I have a classic liberal’sd view on firearms that I got from my Dad who was an FDR New Deal/Johnson Great Society liberal. There weren’t guns around the house becuase they didn’t interest him or my mom. Then there were. Didn’t find out until later that he’d been involved in an investigation that put a lot of crooked cops in jail. Cops and families of cops who made very specfic threats. Once that scum had been convicted of their various crimes the threat diminished over time the guns went away. There were a couple of times after that he controlled for new threats by being armed but once the threat was gone the arms followed.

If I am under a direct known threat?
Yeah. I want a gun. But mostly I live in such a way as not to need them. (don’t be a bag man for the mob – that helped)

I asked a friend who was describing a particular firearm (taurus judge) as really well suited to protecting the driver from car-jacking. Does that happen a lot to you? I asked. Well, no. In fact there had never even been a car jacking in the county. But having built a scenario in his head he was threatened by it. and so, sought to control the threat. (only the cynical would observe he really liked guns and any excuse to buy one was a good one, or that the last thing you want to be confronted with is a fear driven man armed with a gun)

Should police (US) be armed on duty at all times?
Yep. Without question. The threat they face is very real and can come about at any time.

Should gun’s be generally avaliable?
If they are, risk goes up–as people’s guns get stolen, drop down the back of their sweatpants and discharge, fall out of their purses and discharge, or shotguns dropped in the crew room discharges out the station window and hits the off duty radioman. No really read the military’s firearm mishap reports. The military believes in gun control, has policies and procedures and trains to them and there is still this constant trickle of accident. And I wouldn’t say the military shouldn’t have arms.

Some would argue these are acceptable losses for the freedoms that the 2nd ammendment protects and reduction of risk in other areas. I’m not arguing here for or against that position.

Just observing that with more guns generally more people are going to die by gun fire both intentional and unintentional.

dbCooper January 17, 2011 2:07 PM

I understand how the door chain could be latched from the outside. But how did the maid get in the room to discover the body the next day?

askme January 17, 2011 2:34 PM

@dbCooper: If you think Mossad are handy with a coathanger and chainlock, you should meet some hotel maids.


Clive Robinson January 17, 2011 3:10 PM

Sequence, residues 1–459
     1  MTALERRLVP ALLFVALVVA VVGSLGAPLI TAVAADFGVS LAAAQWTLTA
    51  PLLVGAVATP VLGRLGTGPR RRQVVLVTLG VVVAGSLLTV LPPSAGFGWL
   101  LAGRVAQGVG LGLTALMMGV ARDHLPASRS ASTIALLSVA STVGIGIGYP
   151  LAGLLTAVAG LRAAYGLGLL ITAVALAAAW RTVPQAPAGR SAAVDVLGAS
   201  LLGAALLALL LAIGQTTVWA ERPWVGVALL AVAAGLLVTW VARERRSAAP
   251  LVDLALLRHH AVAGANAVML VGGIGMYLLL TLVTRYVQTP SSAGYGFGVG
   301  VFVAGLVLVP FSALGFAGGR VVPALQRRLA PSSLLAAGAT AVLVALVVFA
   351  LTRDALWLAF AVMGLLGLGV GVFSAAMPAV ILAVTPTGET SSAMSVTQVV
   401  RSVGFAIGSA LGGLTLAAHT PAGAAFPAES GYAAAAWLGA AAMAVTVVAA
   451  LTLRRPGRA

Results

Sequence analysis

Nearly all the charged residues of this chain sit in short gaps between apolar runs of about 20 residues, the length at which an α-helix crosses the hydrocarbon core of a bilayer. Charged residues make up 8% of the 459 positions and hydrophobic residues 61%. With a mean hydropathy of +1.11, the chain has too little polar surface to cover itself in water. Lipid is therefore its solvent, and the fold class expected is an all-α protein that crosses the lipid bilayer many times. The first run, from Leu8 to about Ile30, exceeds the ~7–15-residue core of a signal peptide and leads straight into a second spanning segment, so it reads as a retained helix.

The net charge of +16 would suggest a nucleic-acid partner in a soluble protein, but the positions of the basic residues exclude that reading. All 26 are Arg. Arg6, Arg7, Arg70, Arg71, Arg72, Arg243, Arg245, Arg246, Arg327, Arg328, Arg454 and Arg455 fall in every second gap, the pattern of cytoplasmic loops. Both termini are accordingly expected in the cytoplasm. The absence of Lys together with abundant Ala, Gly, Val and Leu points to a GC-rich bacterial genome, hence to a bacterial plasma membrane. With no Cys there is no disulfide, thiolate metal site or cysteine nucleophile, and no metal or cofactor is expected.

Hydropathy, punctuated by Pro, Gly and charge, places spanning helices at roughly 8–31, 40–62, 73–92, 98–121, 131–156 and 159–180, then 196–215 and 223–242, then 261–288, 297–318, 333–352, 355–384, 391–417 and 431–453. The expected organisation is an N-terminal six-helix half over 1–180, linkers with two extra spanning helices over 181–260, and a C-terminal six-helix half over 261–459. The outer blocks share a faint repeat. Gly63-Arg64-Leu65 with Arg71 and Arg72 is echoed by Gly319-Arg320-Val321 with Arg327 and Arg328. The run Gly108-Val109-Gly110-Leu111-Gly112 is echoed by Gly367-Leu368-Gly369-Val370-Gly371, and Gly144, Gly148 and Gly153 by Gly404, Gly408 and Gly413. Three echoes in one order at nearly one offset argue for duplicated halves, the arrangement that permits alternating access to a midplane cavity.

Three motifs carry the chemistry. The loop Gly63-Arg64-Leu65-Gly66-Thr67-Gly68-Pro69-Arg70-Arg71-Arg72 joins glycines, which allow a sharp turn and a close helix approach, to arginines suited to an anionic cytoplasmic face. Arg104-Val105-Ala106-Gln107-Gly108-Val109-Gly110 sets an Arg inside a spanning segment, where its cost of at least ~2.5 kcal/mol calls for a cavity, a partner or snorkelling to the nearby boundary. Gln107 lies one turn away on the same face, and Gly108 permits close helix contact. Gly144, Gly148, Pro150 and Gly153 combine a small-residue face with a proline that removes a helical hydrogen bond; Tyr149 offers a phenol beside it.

@ dbCooper,

“But how did the maid get in the from the outside. But how did the maid get in the room to discover the body the next day?”

If you go back to the original post Bruce made you will see it was discussed at length.

Put simply any hotel has a whole host of reasons to get easy access to a hotel room that the guest has locked themselves into (think children playing about or other legitimate “died in the night” guests).

Thus nextime you stay at a hotel have a realy good look at just how much slack there is on the door furniture when it actually comes down to “security” or the lack there of.

Oh and most criminals know this, the unfortunate case of the young bride who was strangled by “room raiders” just a handfull of days ago will show when it gets to trial just how easy it is to get into a hotel room…

jgreco January 17, 2011 5:26 PM

@josephdietrich at January 17, 2011 2:06 PM

Tell that to the CIA. The number of botched assassinations in the modern times is pretty staggering.

Or think of it this way: mossad, with all of their real world experience, saw fit to send in 27 people to pull it off. If assassination isn’t rocket science, then one must wonder if these organizations are full of a bunch of Mr. Magoos…

Jay January 17, 2011 6:34 PM

@jgreco: Equally, “assassination is not rocket science”, but clandestine infiltration and extraction is.

Either that, or suicide bombers and sniper nutcases are better at this than the agencies are…

Richard Steven Hack January 17, 2011 9:19 PM

Quote: “What the blown identities of the operatives illustrate more than anything is the now seemingly insurmountable problem posed by twenty-first-century counterespionage systems. False identities and cover stories are no longer any match for well-placed security cameras, effective passport control, and computer software that can almost instantly track communications and financial transactions.”